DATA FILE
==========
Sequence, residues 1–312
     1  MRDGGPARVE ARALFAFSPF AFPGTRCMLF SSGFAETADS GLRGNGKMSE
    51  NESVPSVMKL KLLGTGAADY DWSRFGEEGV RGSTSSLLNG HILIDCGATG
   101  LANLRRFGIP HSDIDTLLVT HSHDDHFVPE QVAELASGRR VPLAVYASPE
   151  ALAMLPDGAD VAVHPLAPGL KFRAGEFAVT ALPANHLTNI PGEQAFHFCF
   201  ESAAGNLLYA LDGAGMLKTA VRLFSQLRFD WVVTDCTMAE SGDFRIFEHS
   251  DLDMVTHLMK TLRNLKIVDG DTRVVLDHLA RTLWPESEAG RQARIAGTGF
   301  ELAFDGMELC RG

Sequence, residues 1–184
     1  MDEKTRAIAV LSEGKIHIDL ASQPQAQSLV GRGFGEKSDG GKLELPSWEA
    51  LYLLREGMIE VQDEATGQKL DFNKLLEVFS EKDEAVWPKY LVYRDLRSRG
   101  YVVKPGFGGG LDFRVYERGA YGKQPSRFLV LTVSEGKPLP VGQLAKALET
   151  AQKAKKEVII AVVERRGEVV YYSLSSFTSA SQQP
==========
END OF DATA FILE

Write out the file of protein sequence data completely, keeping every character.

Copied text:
Sequence, residues 1–312
     1  MRDGGPARVE ARALFAFSPF AFPGTRCMLF SSGFAETADS GLRGNGKMSE
    51  NESVPSVMKL KLLGTGAADY DWSRFGEEGV RGSTSSLLNG HILIDCGATG
   101  LANLRRFGIP HSDIDTLLVT HSHDDHFVPE QVAELASGRR VPLAVYASPE
   151  ALAMLPDGAD VAVHPLAPGL KFRAGEFAVT ALPANHLTNI PGEQAFHFCF
   201  ESAAGNLLYA LDGAGMLKTA VRLFSQLRFD WVVTDCTMAE SGDFRIFEHS
   251  DLDMVTHLMK TLRNLKIVDG DTRVVLDHLA RTLWPESEAG RQARIAGTGF
   301  ELAFDGMELC RG

Sequence, residues 1–184
     1  MDEKTRAIAV LSEGKIHIDL ASQPQAQSLV GRGFGEKSDG GKLELPSWEA
    51  LYLLREGMIE VQDEATGQKL DFNKLLEVFS EKDEAVWPKY LVYRDLRSRG
   101  YVVKPGFGGG LDFRVYERGA YGKQPSRFLV LTVSEGKPLP VGQLAKALET
   151  AQKAKKEVII AVVERRGEVV YYSLSSFTSA SQQP